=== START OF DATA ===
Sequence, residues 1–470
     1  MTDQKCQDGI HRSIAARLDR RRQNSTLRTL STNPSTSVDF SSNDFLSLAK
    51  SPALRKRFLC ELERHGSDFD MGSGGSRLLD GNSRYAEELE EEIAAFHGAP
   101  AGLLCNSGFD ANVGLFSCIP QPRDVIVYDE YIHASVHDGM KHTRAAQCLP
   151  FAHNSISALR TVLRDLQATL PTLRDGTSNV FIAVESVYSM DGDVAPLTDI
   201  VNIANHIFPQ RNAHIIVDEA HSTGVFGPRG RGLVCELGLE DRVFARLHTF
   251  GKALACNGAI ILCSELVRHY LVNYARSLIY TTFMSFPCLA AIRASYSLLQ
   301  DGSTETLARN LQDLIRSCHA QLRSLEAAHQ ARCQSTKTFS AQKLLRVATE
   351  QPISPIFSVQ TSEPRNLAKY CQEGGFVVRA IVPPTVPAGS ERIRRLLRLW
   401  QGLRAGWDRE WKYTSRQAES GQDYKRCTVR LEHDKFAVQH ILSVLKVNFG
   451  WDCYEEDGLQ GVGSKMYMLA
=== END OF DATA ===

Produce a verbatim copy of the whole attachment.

Sequence, residues 1–470
     1  MTDQKCQDGI HRSIAARLDR RRQNSTLRTL STNPSTSVDF SSNDFLSLAK
    51  SPALRKRFLC ELERHGSDFD MGSGGSRLLD GNSRYAEELE EEIAAFHGAP
   101  AGLLCNSGFD ANVGLFSCIP QPRDVIVYDE YIHASVHDGM KHTRAAQCLP
   151  FAHNSISALR TVLRDLQATL PTLRDGTSNV FIAVESVYSM DGDVAPLTDI
   201  VNIANHIFPQ RNAHIIVDEA HSTGVFGPRG RGLVCELGLE DRVFARLHTF
   251  GKALACNGAI ILCSELVRHY LVNYARSLIY TTFMSFPCLA AIRASYSLLQ
   301  DGSTETLARN LQDLIRSCHA QLRSLEAAHQ ARCQSTKTFS AQKLLRVATE
   351  QPISPIFSVQ TSEPRNLAKY CQEGGFVVRA IVPPTVPAGS ERIRRLLRLW
   401  QGLRAGWDRE WKYTSRQAES GQDYKRCTVR LEHDKFAVQH ILSVLKVNFG
   451  WDCYEEDGLQ GVGSKMYMLA